Grades 11 and 12 prepare students for life, university and a career.
Students entering Grade 11 are given the option of enrolling in either the International Baccalaureate Diploma Programme or the High School Diploma. Both programs focus on engaging and challenging students academically along with developing attributes associated with personal well-being and a genuine care and concern for others in the local, national and global community.
The SSIS High School Diploma (HSD) is designed for those students seeking a broader range of subjects than those offered in the IB Diploma and also offers the rigour necessary for university entrance whilst allowing for a more flexible approach to program design. Students are given the option of enrolling in a selection of year long courses during Grades 11 and 12. To ensure university recognition the HSD has been accredited by both the Council of International Schools (CIS) and the New England Association of School and Colleges (NEASC).
SSIS is committed to creating a wide range of courses of study that can be combined with a selection of traditional IB Diploma courses. In addition to the school-based courses we have designed, we also make a commitment to providing preparation for HSD students to sit for national exams such as those found in the Korean system or international English language qualifications such as TOEFL and SATs.
The HSD student begins accumulating credits in Grade 9 and continues until the end of Grade 12. A minimum of 24 credits, and meeting certain criteria, are required to gain the HSD.
Students in the HSD will be given the option of completing two-year IB Diploma courses in certain subjects and achieving a DP Certificate. If HSD students successfully complete one year of a two-year DP course they will be given an academic credit for that course.
We are very conscious of the necessity for high academic standards but also recognize that a great high school experience must include opportunities for students to participate in a variety of activities. HSD students will also take part in the Creativity, Action, Service (CAS) programme and Health and Wellness. There is also a Careers course that, in addition to CAS and the various extra-curricular activities at SSIS, will help HSD students to enjoy a balanced and productive academic experience.
The following table is an example of the subjects offered for the HSD, which may be supplemented by some of the IB Diploma courses
Studies in Language and Literature
Chinese Language and Literature, English Language and Literature, German Language and Literature, Japanese Literature Studies, Korean Literature Studies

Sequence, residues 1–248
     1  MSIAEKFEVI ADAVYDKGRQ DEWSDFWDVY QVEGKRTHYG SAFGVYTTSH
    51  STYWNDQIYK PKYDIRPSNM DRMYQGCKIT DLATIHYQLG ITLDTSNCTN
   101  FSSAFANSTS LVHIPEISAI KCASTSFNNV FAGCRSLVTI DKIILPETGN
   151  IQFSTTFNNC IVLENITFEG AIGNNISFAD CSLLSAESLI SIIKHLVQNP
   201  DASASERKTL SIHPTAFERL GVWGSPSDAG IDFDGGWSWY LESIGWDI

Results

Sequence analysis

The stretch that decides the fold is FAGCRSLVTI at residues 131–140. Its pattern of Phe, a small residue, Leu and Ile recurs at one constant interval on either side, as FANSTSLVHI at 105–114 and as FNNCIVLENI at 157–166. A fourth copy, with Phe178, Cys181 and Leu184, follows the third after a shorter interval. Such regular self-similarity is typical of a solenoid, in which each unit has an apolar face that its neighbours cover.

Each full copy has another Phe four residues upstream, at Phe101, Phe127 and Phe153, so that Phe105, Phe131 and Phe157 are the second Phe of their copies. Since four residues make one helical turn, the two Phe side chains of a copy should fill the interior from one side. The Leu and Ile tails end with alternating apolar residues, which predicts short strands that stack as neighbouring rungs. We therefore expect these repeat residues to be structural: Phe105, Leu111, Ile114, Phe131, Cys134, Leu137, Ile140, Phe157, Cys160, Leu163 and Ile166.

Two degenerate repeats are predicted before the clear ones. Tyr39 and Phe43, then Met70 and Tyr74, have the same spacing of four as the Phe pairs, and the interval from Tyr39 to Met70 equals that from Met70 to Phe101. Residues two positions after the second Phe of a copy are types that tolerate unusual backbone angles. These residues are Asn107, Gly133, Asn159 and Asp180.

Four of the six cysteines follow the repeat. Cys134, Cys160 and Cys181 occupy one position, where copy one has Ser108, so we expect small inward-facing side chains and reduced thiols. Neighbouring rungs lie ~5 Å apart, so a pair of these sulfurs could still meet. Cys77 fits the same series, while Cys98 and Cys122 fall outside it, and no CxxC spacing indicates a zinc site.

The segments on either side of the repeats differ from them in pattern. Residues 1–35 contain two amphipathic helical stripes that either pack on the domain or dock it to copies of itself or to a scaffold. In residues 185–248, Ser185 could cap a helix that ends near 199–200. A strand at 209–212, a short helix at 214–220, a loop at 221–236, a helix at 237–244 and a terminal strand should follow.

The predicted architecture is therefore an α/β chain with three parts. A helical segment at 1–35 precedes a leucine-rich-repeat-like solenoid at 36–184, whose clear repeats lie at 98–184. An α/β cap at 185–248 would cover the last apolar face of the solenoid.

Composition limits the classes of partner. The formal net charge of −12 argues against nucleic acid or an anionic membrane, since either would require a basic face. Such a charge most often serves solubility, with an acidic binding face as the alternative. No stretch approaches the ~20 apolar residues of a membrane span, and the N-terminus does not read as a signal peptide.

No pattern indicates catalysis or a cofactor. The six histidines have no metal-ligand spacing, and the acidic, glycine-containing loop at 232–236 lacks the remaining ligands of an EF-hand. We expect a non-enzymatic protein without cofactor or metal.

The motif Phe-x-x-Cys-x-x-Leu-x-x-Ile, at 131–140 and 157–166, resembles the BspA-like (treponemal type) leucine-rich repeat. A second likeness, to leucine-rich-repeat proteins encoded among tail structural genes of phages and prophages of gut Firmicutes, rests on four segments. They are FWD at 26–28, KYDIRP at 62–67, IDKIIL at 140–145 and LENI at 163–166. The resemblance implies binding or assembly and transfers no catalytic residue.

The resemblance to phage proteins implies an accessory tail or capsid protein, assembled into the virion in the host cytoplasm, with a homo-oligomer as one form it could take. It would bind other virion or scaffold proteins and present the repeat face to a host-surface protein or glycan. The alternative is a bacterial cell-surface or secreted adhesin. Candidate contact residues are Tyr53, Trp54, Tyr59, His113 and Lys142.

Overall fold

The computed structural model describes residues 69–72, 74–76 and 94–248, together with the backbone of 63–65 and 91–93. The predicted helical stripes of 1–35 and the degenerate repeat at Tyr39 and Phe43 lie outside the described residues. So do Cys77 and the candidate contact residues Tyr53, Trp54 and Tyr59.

Chinese B, English B, Mandarin ab initio, Spanish B and Spanish ab initio
Individuals and Societies
Asian Studies, Economics, Global Studies
Biological Science, Computer Science, Food Technology, Environmental Systems and Societies and Physical Science
Mathematics, Mathematical Studies
Music, Visual Art, Graphic Design
*Please note these subject offerings vary on a year-to-year basis and are dependent on student numbers and available teaching resources.
As the HSD is a rigorous pre-university course students are expected to meet specific English language competencies to enter Grade 11 and 12.
The instructional school day runs from 8.20 am to 3.30 pm every day. Classes are divided into 65 minute instructional blocks. A break occurs mid-morning from 10.30 am to 10.50 am. Lunch for Secondary School students is divided into two times; one from 11.55 am to 1.00 pm, and the other from 1.00 pm to 2.05 pm.
The school’s philosophy is that homework should have a purpose. It may be to:
- reinforce work that is already carried out in the class,
- prepare students for forthcoming class work,
- act as a bridge between work that has been done and work that is about to be tackled,
- practice or revise skills already developed,
- develop creativity in students where there has been no previous opportunity,
- occasionally to finish off uncompleted class work.
Careful consideration has been given so that HSD students are not overwhelmed with unmanageable amounts of homework and unreasonable assessment deadlines. An assessment calendar exists for both Grade 11 and 12. A Student Assistance Team also meets on a regular basis and discusses any support the students require collectively or individually in meeting their academic requirements.
Students are also encouraged to keep a clear record of homework to be completed through the use of a Homework Diary or, should they choose, the use of an electronic means of a calendar / ‘To Do’ list. Homeroom teachers monitor the use of the diary so as to encourage appropriate meaningful usage. Parents are encouraged to communicate with the teachers via the students’ homework diaries or through email.
Assessment & Reporting
Students are assessed continuously in their time in the HSD. This assessment is carried out in a wide variety of ways – including formal tests, end of unit exams, on-going project work, essays, oral presentations, development workbooks, etc. At the end of the two-year programme, students are assessed both internally and externally.
Evidence of student learning is collected and feedback is given to students regularly and to parents through interim and end of semester reports, and Parent Teacher Conferences. Parents and students share the learning journey through Student Portfolios at Student Led Conferences towards the end of the year.